The bees from the various areas are called races. Probably the most geographically isolated race of bees is the Caucasian. A Russian author who studied this race in its native home divided it into six separate varieties. These varieties ranged in color from the banded appearance of the Italian to completely black. Other genetic characteristics within this and other races of bees are equally variable. The bees of one race are fertile when crossed with those of another race.

Wild cattle, horses, and hogs were also variable animals. The recognized breeds of these animals were developed by selected breeding of outstanding individuals from variable populations. The history of the formation of the beef breeds of cattle that originated in the British Isles is typical of successful animal-breeding methods.

History tells us that migrating people and invading armies usually carried with them much livestock from their native lands. Migrations were slow, and the stocks mingled with and interbred with stocks present in the countries through which they passed. It is not known just how many and what kinds of cattle were introduced into the British Isles throughout the ages. However, it is known that the Norsemen and the Dutch carried cattle into the British Isles, and it is suspected that the Romans and the Normans also brought in some cattle. These cattle interbred with the cattle of the islands, and a great amount of genetic variability existed in these stocks before the formation of the breeds that we know today as Hereford, Shorthorn, and Aberdeen-Angus.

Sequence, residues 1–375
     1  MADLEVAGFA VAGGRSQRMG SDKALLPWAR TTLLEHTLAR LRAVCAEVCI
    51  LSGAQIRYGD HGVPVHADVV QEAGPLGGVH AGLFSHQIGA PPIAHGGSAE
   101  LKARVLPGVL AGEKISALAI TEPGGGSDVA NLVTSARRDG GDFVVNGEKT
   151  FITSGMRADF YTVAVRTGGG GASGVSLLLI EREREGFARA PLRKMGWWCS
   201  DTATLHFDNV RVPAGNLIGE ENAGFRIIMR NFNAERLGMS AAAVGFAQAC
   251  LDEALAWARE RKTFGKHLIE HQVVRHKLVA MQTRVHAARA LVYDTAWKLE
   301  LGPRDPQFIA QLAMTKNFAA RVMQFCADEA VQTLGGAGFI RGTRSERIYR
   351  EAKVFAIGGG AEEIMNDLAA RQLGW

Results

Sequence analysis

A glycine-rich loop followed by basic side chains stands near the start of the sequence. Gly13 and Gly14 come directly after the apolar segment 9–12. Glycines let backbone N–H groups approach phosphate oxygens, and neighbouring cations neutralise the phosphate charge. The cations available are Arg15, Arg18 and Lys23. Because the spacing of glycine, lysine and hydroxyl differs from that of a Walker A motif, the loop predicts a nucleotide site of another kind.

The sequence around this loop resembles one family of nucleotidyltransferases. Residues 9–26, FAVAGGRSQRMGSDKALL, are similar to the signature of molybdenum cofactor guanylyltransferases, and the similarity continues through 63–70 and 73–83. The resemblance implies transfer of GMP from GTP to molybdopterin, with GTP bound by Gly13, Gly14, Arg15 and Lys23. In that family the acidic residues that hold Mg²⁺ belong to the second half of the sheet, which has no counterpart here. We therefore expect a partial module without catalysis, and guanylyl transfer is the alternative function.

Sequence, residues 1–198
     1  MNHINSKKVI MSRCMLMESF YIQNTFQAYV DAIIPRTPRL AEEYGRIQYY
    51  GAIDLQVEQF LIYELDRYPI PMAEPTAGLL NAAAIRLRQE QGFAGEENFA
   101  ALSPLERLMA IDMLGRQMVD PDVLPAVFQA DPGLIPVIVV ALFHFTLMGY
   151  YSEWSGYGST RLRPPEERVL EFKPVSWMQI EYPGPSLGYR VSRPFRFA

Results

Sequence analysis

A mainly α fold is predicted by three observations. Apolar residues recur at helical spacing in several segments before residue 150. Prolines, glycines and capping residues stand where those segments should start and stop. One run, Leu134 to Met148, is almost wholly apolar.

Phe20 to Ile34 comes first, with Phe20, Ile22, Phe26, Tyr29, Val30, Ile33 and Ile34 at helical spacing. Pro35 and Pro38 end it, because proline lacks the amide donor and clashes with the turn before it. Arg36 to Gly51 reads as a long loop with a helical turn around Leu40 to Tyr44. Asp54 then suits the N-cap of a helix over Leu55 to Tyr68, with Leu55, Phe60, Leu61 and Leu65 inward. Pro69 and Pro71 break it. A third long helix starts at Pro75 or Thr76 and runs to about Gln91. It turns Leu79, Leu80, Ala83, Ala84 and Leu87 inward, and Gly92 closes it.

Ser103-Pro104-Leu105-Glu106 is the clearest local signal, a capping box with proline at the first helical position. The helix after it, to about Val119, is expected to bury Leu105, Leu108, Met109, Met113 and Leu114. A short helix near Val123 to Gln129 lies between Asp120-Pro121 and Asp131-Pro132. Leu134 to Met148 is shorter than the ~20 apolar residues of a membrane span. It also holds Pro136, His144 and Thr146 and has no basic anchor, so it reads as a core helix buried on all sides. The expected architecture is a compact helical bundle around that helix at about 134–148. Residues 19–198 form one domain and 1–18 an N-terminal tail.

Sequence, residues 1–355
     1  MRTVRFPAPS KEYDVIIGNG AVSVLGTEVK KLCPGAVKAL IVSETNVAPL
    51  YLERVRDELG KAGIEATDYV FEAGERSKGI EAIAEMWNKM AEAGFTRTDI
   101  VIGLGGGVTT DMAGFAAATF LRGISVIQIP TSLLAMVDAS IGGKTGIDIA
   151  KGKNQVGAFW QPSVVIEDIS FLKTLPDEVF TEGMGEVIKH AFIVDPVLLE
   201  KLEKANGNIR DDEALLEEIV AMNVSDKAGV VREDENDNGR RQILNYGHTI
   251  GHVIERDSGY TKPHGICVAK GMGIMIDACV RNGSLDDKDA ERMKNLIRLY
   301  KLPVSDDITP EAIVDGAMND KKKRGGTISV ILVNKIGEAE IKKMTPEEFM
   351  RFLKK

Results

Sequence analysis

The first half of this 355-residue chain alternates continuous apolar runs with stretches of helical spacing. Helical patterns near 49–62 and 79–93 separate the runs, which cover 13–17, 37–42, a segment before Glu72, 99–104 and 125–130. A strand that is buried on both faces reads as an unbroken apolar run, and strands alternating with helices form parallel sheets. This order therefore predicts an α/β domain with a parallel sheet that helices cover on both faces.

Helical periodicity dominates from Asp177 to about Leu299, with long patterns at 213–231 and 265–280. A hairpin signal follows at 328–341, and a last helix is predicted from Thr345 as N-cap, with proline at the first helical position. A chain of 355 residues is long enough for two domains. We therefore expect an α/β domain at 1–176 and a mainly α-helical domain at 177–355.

About the beginning of the 18th century the common lands of Great Britain were enclosed so that the intermingling of stocks on a wide scale was stopped. The cattle population was thus broken up into small groups and inbreeding within groups was the result. About this time the cities began to grow and a demand for meat developed. Some types of cattle were more useful for this purpose than others, and breeders attempted to produce these meat-type cattle. A few breeders gathered together some of the best of the desired type into one or a few herds. There followed years of rather intense inbreeding between these selected animals and their descendants. Very little outside breeding stock was permitted to enter these herds. After several generations the cattle within these herds were uniform and were distinct from the other animals in the community. Every recognized breed of cattle has arisen from the concentration of the genes (blood) of one or a few animals of greater than ordinary merit.